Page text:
As mentioned above, New Hampshire's SO2 monitoring network is focused on the more populous and more industrial southern part of the state represented by the Merrimack Valley—Southern New Hampshire AQCR. Based on our review of the monitoring data for this area, we propose to reclassify the New Hampshire portion of the Merrimack Valley—Southern New Hampshire Interstate AQCR to Priority III for SO2. The more northerly AQCRs are much less likely to experience high SO2 levels due to their lower population and lesser industrial base, and based on the low amounts of SO2 emitted by sources in these areas. For example, the most recent 3 year cycle emissions inventory data contained within EPA's National Emissions Inventory database is for 2011, and for New Hampshire the data indicate that approximately 95% of the state's SO2 emissions occur in the counties within the Merrimack Valley—Southern New Hampshire AQCR. Given that the monitoring data in the New Hampshire portion of the Merrimack Valley—Southern New Hampshire AQCR indicate that the appropriate classification for this region is Priority III, and given that the preponderance of SO2 emissions occur in this region, we also propose to grant New Hampshire's request that the state's portion of the Androscoggin Valley Interstate AQCR also be reclassified to Priority III for SO2. Accordingly, a contingency plan for SO2 is not required. See 40 CFR 51.152(c).

EPA proposes that New Hampshire has met the applicable infrastructure SIP requirements for this portion of section 110(a)(2)(G) with respect to the 2008 Pb NAAQS, 2008 ozone, 2010 NO2, and 2010 SO2 NAAQS.

H. Section 110(a)(2)(H)—Future SIP Revisions

This section requires states to have the authority to revise their SIPs in response to changes in the NAAQS, availability of improved methods for attaining the NAAQS, or an EPA finding that the SIP is substantially inadequate.

New Hampshire RSA 125-C:6, Powers and Duties of the Commissioner, provides that the Commissioner of NH-DES may develop a comprehensive program and provide services for the study, prevention, and abatement of air pollution. Additionally, Chapter Env-A 200, Procedural Rules, which was approved into the New Hampshire SIP on October 28, 2002 (see 67 FR 65710) provides for public hearings for SIP revision requests prior to their submittal to EPA. EPA proposes that New Hampshire has met the infrastructure SIP requirements of CAA section 110(a)(2)(H) with respect to the 2008 Pb, 2008 ozone, 2010 NO2, and 2010 SO2 NAAQS.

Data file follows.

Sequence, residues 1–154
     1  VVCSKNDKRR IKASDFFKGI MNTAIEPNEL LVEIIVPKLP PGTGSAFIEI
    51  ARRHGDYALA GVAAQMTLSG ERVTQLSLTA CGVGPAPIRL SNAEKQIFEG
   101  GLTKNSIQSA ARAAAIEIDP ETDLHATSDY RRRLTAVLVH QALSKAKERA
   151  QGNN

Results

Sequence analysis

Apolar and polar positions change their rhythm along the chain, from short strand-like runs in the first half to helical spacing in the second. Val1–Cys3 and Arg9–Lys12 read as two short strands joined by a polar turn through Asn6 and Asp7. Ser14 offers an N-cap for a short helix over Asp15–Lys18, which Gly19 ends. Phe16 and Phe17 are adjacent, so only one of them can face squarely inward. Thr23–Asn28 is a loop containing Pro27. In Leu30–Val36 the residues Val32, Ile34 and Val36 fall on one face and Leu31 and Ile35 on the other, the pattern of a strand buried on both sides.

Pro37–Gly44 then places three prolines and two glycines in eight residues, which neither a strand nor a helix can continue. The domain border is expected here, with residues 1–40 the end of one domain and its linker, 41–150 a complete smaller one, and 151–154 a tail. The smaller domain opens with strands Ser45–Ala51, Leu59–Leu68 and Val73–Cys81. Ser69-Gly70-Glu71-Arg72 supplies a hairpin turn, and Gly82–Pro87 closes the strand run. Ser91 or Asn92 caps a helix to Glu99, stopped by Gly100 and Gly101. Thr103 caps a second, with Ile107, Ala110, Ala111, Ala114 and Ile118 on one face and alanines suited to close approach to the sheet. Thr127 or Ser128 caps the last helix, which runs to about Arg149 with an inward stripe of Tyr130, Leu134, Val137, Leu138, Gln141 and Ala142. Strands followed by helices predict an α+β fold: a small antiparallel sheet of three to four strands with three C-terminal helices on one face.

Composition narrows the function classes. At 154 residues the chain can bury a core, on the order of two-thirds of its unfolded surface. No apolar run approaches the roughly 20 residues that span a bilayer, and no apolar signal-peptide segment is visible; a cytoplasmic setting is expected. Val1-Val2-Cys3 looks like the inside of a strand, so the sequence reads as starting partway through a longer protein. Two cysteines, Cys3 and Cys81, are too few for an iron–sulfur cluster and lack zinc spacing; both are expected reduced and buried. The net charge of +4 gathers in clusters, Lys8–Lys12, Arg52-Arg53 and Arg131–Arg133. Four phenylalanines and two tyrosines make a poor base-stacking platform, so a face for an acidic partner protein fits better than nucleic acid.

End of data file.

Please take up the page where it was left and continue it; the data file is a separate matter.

I. Section 110(a)(2)(I)—Nonattainment Area Plan or Plan Revisions Under Part D

The CAA requires that each plan or plan revision for an area designated as a nonattainment area meet the applicable requirements of part D of the CAA. Part D relates to nonattainment areas. EPA has determined that section 110(a)(2)(I) is not applicable to the infrastructure SIP process. Instead, EPA takes action on part D attainment plans through separate processes.

J. Section 110(a)(2)(J)—Consultation with Government Officials; Public Notifications; PSD; Visibility Protection

The evaluation of the submissions from New Hampshire with respect to the requirements of CAA section 110(a)(2)(J) are described below.

i. Sub-Element 1: Consultation With Government Officials

States must provide a process for consultation with local governments and Federal Land Managers (FLMs) carrying out NAAQS implementation requirements.